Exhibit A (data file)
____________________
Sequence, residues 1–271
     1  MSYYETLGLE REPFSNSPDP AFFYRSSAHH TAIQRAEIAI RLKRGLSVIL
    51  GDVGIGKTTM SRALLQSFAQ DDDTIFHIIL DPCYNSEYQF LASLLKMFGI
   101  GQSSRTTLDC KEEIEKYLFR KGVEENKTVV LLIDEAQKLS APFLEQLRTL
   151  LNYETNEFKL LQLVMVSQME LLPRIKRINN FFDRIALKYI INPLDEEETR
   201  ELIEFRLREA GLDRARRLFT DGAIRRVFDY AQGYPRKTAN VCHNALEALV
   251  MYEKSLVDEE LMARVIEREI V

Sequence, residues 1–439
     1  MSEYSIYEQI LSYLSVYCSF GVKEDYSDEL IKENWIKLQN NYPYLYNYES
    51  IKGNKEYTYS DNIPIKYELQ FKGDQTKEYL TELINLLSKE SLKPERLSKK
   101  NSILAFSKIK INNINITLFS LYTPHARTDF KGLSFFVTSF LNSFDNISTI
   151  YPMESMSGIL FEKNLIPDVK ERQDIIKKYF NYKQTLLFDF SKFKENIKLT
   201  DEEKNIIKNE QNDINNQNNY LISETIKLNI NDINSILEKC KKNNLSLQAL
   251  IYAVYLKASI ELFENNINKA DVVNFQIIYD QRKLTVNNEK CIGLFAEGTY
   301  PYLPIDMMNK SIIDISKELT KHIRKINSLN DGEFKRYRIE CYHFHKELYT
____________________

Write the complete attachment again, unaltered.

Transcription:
Sequence, residues 1–271
     1  MSYYETLGLE REPFSNSPDP AFFYRSSAHH TAIQRAEIAI RLKRGLSVIL
    51  GDVGIGKTTM SRALLQSFAQ DDDTIFHIIL DPCYNSEYQF LASLLKMFGI
   101  GQSSRTTLDC KEEIEKYLFR KGVEENKTVV LLIDEAQKLS APFLEQLRTL
   151  LNYETNEFKL LQLVMVSQME LLPRIKRINN FFDRIALKYI INPLDEEETR
   201  ELIEFRLREA GLDRARRLFT DGAIRRVFDY AQGYPRKTAN VCHNALEALV
   251  MYEKSLVDEE LMARVIEREI V

Sequence, residues 1–439
     1  MSEYSIYEQI LSYLSVYCSF GVKEDYSDEL IKENWIKLQN NYPYLYNYES
    51  IKGNKEYTYS DNIPIKYELQ FKGDQTKEYL TELINLLSKE SLKPERLSKK
   101  NSILAFSKIK INNINITLFS LYTPHARTDF KGLSFFVTSF LNSFDNISTI
   151  YPMESMSGIL FEKNLIPDVK ERQDIIKKYF NYKQTLLFDF SKFKENIKLT
   201  DEEKNIIKNE QNDINNQNNY LISETIKLNI NDINSILEKC KKNNLSLQAL
   251  IYAVYLKASI ELFENNINKA DVVNFQIIYD QRKLTVNNEK CIGLFAEGTY
   301  PYLPIDMMNK SIIDISKELT KHIRKINSLN DGEFKRYRIE CYHFHKELYT